Western Balkans and EU News
08.11.21 | Opinions

[Opinion] Here is what Bosnia needs


By Stipe Prlic, Zoran Jovanovic, Miro Lazovic and Nedzad Mulabegovic

Sarajevo, 08 November 2021, dtt-net.com - Changes to the highest legal act of a state – the Constitution, represent the most complex social political endeavor. In BiH, this process is even more complicated because it is an integral part of our constitutional legal order and the OHR, that is the “international community”, made up of representatives of the world’s most influential forces united in PIC, which do not have the same political views towards Bosnia and Herzegovina.

It is undeniable that the BiH Constitution must be changed. Amendments to the BiH Constitution are no longer a matter of will, desire or compromise of domestic political parties, but an international legal obligation of Bosnia and Herzegovina resulting from the final judgments of international courts adopted from 2007-2020., as well as judgmenta of the Constitutional Court and the Court of Bosnia and Herzegovina.

For more than two decades, our NGOs have held the position that all citizens of Bosnia and Herzegovina, that is, all nations and minorities must have equal rights and obligations on the territory of all of Bosnia and Herzegovina. This principle is contained in the Dayton Constitution of BiH, which also contains as its integral part the European Convention on Human Rights and Fundamental Freedoms, which is directly applicable and takes precedence over any other law in BiH.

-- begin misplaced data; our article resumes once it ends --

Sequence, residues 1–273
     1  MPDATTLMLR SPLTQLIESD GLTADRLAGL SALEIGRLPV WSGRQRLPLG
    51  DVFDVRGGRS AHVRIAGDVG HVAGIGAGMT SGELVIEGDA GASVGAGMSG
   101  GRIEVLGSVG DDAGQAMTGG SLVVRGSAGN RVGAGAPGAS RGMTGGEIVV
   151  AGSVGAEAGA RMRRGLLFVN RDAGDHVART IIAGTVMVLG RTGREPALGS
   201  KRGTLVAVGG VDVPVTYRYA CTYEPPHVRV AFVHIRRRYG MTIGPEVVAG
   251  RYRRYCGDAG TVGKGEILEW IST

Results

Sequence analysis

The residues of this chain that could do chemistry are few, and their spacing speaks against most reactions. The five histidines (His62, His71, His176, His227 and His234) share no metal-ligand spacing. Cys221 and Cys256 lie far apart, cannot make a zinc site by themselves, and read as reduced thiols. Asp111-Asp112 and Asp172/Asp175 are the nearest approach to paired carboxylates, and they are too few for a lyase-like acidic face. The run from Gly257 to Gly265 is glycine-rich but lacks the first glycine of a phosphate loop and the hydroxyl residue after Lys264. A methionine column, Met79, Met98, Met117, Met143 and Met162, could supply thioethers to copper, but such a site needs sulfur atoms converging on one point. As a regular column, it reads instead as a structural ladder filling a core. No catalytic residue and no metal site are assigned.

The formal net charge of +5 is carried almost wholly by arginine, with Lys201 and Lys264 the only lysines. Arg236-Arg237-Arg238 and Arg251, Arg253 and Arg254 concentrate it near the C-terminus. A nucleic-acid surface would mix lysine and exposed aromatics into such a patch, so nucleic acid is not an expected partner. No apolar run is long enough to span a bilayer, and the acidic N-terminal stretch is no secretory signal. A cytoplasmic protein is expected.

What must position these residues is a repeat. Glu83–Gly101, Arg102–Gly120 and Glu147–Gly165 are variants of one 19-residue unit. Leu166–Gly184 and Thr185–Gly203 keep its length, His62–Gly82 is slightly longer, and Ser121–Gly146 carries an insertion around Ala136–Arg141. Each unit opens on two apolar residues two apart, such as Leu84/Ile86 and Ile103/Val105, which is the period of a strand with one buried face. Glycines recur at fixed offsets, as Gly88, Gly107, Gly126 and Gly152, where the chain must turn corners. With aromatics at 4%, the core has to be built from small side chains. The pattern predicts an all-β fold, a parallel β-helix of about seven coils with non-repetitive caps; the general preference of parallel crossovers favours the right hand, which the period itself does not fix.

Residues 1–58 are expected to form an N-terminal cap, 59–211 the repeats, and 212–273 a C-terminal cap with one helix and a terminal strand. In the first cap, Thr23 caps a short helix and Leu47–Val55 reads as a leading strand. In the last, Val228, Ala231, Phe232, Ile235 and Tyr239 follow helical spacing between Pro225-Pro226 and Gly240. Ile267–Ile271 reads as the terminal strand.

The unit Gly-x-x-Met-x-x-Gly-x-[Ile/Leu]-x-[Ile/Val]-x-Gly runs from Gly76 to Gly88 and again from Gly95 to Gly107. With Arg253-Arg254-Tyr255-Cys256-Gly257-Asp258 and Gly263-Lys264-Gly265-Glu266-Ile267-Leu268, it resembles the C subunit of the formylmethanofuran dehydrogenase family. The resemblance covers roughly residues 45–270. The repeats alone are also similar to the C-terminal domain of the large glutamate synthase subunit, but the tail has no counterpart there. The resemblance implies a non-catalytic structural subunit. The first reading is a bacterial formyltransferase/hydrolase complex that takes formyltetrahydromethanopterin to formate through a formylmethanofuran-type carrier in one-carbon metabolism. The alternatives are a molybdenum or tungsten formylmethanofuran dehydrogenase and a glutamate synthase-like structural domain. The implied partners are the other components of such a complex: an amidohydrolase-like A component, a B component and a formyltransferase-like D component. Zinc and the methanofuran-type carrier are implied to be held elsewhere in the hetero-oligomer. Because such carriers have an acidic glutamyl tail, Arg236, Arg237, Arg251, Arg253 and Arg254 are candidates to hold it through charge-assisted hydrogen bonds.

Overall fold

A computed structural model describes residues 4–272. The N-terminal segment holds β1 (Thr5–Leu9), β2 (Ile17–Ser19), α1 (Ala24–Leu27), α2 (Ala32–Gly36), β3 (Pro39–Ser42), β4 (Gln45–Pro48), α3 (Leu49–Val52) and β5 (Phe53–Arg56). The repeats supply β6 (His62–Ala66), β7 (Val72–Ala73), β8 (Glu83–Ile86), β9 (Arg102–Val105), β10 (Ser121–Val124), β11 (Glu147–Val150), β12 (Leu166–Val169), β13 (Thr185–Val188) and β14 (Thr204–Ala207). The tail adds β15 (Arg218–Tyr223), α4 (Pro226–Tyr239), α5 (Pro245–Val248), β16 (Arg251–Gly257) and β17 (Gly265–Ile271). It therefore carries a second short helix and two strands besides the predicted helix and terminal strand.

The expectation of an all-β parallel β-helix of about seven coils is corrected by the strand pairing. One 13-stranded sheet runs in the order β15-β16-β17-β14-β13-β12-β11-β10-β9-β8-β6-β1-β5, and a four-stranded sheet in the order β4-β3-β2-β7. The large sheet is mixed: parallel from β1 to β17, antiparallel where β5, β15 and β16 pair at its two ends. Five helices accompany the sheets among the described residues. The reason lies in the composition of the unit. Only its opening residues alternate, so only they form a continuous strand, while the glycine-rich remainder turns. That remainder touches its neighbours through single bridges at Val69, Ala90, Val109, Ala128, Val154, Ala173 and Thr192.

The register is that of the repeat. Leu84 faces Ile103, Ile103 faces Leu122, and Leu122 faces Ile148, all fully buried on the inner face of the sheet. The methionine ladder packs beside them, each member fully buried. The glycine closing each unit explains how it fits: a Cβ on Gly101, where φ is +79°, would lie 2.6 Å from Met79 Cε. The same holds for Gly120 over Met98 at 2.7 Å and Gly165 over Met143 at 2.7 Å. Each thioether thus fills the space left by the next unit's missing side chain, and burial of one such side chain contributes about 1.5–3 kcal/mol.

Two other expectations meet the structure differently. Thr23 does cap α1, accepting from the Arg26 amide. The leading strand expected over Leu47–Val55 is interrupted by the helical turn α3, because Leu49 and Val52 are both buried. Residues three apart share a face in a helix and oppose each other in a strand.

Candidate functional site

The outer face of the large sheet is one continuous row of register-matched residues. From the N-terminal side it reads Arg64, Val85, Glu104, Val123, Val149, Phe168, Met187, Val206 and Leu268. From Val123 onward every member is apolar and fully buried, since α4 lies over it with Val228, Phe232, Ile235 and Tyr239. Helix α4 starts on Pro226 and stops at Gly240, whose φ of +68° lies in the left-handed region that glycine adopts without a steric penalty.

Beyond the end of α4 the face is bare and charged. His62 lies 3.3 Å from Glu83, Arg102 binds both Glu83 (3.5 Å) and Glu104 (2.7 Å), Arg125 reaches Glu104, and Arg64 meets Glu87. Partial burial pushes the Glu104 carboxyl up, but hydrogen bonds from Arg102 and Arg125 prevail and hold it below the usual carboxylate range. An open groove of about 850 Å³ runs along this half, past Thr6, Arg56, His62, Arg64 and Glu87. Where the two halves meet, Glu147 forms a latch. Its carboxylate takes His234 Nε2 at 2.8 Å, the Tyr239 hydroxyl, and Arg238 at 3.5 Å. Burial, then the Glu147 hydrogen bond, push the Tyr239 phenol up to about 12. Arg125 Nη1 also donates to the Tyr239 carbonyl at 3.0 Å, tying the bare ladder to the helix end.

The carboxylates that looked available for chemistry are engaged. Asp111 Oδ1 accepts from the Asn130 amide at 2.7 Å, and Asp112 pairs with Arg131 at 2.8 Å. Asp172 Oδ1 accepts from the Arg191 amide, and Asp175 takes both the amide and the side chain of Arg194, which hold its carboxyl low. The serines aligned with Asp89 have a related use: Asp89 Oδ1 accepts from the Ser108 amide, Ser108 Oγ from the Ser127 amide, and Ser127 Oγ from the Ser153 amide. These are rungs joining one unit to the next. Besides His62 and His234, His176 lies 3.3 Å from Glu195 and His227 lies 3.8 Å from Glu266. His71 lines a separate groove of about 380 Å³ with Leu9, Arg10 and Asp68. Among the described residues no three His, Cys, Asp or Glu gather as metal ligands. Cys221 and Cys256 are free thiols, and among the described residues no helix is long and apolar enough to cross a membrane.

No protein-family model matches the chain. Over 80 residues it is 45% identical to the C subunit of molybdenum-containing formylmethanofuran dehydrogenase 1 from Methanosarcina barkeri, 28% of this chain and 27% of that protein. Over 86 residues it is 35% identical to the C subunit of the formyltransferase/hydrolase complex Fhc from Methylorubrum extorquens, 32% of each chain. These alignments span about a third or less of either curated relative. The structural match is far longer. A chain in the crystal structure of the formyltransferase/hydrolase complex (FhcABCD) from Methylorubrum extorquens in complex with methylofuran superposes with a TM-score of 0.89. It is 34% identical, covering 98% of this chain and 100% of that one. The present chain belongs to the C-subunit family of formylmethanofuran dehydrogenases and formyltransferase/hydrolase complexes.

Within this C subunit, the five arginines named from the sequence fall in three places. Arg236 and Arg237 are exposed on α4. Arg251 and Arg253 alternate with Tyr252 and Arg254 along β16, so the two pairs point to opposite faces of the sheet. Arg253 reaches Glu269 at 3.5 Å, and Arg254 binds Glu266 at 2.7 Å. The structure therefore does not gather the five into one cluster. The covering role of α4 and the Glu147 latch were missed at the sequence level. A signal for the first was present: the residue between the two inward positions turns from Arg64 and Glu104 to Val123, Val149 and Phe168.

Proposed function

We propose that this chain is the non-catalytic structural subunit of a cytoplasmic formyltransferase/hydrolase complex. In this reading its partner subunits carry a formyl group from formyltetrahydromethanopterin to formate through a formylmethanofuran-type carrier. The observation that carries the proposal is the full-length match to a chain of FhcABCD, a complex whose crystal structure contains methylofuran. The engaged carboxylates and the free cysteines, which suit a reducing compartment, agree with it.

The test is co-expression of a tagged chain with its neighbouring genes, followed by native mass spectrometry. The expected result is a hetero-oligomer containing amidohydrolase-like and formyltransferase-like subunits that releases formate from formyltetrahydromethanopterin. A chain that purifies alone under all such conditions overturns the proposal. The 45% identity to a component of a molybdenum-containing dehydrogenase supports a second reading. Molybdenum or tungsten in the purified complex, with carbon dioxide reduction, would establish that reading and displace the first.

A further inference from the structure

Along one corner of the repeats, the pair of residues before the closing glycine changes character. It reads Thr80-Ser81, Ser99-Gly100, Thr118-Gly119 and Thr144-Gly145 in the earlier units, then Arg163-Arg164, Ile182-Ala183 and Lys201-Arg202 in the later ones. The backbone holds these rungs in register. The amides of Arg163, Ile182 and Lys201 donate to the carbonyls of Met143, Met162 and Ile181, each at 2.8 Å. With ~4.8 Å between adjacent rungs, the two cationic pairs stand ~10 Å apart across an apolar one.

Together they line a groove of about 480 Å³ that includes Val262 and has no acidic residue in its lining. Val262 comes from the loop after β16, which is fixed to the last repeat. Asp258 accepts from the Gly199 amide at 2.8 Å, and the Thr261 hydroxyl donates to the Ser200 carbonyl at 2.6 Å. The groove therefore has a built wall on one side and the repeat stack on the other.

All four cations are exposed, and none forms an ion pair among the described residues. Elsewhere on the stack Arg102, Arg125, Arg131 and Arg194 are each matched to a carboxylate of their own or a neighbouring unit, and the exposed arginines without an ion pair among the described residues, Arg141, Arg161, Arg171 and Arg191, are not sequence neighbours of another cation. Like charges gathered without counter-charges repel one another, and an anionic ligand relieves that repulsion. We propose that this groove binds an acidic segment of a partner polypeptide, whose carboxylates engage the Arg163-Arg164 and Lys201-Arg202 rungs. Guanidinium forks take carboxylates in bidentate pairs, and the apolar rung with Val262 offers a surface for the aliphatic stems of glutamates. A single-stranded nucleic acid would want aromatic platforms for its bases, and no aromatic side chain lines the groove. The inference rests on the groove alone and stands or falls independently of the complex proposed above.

The existing ethno-national concept in BiH, which is particularly exemplified through the role of the houses of peoples at the level of BiH and the entities, is unsustainable because the institutution of vital national interest is abused in most cases. This institution is mainly not used for the vital national interest of a people but for the “vital interests” of nationalist political parties. It also completely suppresses civil rights guaranteed by BiH’s existing Constitution, leading to complete ethnic segregation.

On the other hand, the practice showed that entity voting had a much more disastrous effect on BiH’s (non)development than protecting vital national interest. The main problem lies in the fact that Annex VII, that is, the return of expelled and displaced persons has not been completed and, therefore, we have a situation that the entity voting has simultaneously become the ethnic voting.